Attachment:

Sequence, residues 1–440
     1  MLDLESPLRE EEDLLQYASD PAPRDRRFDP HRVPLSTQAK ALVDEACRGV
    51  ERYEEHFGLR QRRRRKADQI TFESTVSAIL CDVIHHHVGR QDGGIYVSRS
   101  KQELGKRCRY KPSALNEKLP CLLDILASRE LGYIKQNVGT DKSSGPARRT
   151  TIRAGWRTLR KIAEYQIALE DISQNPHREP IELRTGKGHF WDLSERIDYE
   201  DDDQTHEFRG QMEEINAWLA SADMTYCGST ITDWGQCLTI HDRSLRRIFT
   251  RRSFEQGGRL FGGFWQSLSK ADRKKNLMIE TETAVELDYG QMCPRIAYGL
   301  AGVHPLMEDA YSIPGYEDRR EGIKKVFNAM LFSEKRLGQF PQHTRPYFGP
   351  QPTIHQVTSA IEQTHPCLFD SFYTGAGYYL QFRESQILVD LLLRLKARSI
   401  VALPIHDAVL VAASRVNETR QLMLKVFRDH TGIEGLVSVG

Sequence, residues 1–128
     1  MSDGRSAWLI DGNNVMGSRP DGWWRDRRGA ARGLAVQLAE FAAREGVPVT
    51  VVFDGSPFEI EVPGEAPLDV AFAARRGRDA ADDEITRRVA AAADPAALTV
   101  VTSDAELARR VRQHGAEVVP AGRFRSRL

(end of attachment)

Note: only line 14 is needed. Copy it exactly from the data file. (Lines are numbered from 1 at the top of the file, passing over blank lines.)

   101  VTSDAELARR VRQHGAEVVP AGRFRSRL